Pesto is an Italian classic, originating in the Genoa region of Italy, tracing its roots back to Roman times (although the basil plant itself is likely an Indian import during the spice trade). Many variations exist (such as pistou in Provence which omits the nuts) and there isn’t one real unique recipe; competitions exist in Italy for the best pesto and they are closely guarded family secrets with marked difference.

That, like I’ve always said for things like Kofte, is code for it being somewhat subjective and a function of taste; there are 5 main ingredients; basil, olive oil, parmesan cheese, garlic and pine nuts. I am going to give the broad ratios for starting off making it, but it’s very much open to being manipulated as you see fit.

Provides enough to make a pesto pasta for 4

• 3 good handfuls of fresh (it has to be fresh) basil, picked just before use, leaves removed and stalks discarded.
• 1 good handful pine nuts
• 1 good handful parmesan cheese, finely grated
• ¾ clove of garlic, roughly chopped
• Olive oil (and ground nut oil if you find too much olive oil overpowering) to taste
• Lemon juice and salt to taste (I actually sometimes use lime juice, but lemon would be more traditional).

There are two ways of making it; one with a pestle and mortar (good for taking out the frustrations of a hard day in the office) or a good processor (makes it quick, but texture isn’t quite so good). It’s up to you, there’s no real right way or wrong way.

1. Pop the basil leaves and garlic into the food processor and whizz up into a rough paste (or pound with the pestle and mortar to the same) with a splash of olive oil and a pinch of salt (good sea salt is recommended here). If the garlic is quite old, you might want to soften it in olive oil over a low heat first to remove some of the bitter/woody flavour that will have developed.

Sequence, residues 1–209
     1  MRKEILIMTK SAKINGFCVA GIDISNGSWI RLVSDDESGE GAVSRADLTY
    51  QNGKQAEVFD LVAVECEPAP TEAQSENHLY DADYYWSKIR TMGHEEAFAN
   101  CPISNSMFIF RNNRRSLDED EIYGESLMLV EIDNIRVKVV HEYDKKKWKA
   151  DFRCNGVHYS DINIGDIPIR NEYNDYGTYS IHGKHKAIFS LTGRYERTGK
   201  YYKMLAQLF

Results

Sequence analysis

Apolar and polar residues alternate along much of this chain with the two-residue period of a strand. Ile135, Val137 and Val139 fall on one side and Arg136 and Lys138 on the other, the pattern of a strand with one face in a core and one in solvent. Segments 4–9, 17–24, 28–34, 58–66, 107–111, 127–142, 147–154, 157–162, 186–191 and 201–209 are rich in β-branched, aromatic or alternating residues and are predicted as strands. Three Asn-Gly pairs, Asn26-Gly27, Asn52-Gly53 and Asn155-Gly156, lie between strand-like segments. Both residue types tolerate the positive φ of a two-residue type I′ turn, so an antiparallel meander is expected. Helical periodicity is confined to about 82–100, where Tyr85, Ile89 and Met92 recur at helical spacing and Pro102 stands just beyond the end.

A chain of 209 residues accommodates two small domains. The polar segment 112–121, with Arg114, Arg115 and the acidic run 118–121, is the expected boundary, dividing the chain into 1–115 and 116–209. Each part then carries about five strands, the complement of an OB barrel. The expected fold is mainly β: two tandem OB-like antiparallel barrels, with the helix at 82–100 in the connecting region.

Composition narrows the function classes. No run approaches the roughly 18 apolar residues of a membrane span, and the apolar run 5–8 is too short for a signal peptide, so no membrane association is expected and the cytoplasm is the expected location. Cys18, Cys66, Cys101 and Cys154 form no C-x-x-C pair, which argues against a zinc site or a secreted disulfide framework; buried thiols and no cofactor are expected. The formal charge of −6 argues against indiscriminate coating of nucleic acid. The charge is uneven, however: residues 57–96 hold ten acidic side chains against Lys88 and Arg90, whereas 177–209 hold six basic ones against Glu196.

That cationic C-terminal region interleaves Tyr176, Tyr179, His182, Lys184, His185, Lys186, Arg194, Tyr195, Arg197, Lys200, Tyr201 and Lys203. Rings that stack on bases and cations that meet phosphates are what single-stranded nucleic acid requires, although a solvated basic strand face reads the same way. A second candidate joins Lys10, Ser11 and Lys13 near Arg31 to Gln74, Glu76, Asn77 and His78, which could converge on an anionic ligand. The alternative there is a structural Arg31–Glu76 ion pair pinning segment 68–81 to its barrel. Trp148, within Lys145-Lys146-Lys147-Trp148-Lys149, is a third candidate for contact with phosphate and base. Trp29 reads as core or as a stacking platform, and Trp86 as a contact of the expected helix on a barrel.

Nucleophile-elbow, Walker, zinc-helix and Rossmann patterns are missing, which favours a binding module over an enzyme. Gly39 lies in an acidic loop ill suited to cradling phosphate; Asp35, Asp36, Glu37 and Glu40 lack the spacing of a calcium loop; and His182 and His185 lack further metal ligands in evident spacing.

2. In a dry frying pan, over a low to medium heat, toast the pine nuts until they just start giving off an aroma. You don’t really want to colour them unless you want a punchy nutty flavour (which some people prefer, to be honest), just lightly toast them. Pop them into the food processor or pestle and mortar and pound them into small chunks.
3. Turn the mix out into a bowl and throw in half to three quarters of the cheese, combine it with the mix and then drizzle in the olive oil (switching to ground nut if needs be to avoid the excesses of olive flavour) until you get to the required consistency (or just over it), then add and stir through the rest of the cheese to taste!. Add a squeeze of lemon or lime to taste and adjust the salt accordingly.

And you’re done, you have a fresh pesto mix that will need using within a day or two (it’ll separate and need stirring again). Goes brilliantly with pasta, but also as a filling for an alternative chicken kiev with Mozarella, brushetta, pizza topping, or even burgers!.

Pesto
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